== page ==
YouTube and Spotify have moved toward democratizing their premium products and features by introducing mid-tier subscription plans for value-conscious members unwilling or unable to stump up the full cost.
Displaying a common desire to seed growth by making their offer more accessible, the tech giants are aware that a one-size-fits-all approach isn’t necessarily best for the individual.
First out the gate is YouTube’s ‘Premium Lite’, which offers ad-free viewing across selected European territories in exchange for 6.99 euros per month, a significant discount on the full-fat 11.99 euro plan – although this comes without other benefits such as offline downloads, ad-free music and background playback.
Premium Lite is currently being tested in Belgium, Denmark, Finland, Luxembourg, the Netherlands, Norway and Sweden.
Hitting upon a similar strategy, Spotify is also angling for the penny-conscious with Spotify Plus, which lifts limits on how many tracks you can skip per hour for as little as $0.99 – although the precise offer varies per user at random to better gauge interest.
Unlike the YouTube offer, mid-tier Spotify members will still be hit with adverts, but will benefit in other ways with the freedom to pick specific songs to listen to rather than shuffle within albums and playlists. Nevertheless, it represents a bargain compared to the $9.99 asked for the premium tier.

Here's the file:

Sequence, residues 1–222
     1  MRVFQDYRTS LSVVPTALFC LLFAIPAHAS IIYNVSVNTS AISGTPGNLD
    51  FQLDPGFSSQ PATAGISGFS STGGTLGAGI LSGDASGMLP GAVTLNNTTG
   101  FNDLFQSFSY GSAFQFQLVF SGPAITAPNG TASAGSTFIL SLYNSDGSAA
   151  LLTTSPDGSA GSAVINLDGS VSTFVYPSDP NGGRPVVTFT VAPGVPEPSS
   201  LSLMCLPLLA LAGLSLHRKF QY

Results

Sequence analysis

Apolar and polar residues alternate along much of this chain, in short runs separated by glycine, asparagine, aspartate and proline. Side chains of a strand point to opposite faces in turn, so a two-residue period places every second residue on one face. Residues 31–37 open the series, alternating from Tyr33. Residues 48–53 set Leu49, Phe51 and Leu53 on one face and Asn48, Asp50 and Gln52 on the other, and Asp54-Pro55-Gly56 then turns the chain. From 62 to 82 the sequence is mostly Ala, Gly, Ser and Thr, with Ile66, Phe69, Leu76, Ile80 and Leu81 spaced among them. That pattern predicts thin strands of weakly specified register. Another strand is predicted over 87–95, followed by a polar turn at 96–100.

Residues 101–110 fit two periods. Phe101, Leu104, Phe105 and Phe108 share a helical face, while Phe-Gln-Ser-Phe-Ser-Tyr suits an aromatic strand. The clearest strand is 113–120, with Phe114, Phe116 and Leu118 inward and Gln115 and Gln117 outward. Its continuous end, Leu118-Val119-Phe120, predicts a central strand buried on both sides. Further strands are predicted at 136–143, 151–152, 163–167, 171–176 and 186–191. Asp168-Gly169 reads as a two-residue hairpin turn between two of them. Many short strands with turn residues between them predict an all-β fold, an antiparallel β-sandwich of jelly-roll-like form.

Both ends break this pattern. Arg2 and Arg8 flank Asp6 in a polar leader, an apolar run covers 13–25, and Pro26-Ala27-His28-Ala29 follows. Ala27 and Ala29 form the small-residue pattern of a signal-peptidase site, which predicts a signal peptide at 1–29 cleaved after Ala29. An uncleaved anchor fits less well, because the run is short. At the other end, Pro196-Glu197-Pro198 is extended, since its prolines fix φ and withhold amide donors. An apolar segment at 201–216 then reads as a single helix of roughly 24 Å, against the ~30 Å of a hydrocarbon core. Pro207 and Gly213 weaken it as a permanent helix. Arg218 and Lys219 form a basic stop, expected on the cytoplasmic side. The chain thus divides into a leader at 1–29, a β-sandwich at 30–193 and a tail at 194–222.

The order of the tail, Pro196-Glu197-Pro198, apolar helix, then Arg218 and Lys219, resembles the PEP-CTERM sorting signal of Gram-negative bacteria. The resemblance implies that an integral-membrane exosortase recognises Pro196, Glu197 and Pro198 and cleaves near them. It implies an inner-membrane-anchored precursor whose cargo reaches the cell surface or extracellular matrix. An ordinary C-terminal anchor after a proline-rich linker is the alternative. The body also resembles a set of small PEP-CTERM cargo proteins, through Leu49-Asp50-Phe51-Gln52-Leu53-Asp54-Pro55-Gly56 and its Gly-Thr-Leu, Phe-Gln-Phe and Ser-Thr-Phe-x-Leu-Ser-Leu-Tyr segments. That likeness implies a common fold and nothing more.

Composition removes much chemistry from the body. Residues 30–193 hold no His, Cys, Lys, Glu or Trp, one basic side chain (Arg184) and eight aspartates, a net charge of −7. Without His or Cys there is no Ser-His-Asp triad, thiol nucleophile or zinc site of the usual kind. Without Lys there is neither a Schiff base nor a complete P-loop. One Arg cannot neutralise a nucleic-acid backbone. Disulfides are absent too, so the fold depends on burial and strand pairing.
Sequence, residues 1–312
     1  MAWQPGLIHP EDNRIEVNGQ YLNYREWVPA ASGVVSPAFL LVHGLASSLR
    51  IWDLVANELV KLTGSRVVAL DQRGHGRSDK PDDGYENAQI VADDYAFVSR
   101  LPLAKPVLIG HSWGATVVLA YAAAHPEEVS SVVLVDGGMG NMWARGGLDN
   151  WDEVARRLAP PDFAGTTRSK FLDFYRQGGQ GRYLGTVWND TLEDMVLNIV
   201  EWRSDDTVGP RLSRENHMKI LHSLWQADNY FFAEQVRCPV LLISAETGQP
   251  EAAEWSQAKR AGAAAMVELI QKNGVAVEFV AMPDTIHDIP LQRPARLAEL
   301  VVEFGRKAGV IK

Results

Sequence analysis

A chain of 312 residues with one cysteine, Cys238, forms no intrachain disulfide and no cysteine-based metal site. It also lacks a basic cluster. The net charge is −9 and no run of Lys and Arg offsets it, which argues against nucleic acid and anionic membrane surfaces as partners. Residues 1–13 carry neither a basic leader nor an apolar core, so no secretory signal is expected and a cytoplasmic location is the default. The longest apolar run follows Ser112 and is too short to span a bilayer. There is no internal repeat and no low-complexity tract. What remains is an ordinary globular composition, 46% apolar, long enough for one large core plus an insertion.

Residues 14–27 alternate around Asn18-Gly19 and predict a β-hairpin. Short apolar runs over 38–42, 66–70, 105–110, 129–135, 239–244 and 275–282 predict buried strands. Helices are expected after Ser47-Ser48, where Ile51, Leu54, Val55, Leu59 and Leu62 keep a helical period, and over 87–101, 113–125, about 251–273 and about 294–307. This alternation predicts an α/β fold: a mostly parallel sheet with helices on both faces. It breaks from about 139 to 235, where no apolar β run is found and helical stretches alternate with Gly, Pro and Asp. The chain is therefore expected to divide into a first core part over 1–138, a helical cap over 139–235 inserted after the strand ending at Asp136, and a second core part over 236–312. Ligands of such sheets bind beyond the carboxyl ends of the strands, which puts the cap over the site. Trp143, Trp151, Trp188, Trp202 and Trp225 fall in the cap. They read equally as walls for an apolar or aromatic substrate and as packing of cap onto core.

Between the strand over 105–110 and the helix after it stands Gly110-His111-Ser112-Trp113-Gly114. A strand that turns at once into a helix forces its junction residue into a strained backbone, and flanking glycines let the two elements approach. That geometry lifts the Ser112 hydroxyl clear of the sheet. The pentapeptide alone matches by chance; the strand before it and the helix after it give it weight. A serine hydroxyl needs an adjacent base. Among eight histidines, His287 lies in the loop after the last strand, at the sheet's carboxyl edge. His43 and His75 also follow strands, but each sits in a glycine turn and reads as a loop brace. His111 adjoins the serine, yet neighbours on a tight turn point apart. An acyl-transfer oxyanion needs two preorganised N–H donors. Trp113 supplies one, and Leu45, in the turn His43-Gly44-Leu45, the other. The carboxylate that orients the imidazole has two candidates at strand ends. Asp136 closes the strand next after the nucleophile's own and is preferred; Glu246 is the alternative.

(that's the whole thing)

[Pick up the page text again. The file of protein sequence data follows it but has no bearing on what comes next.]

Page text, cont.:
It also sets members apart from free users, who cannot skip more than six tracks per hour and can only choose music from 15 select playlists or shuffled tracks outwith these confines.
For the time being, Spotify’s trial remains more freeform than YouTube’s own foray, with a spokesperson telling the Verge: “We’re currently conducting a test of an ad-supported subscription plan with a limited number of our users. Some tests end up paving the way for new offerings or enhancements, while others may only provide learnings.”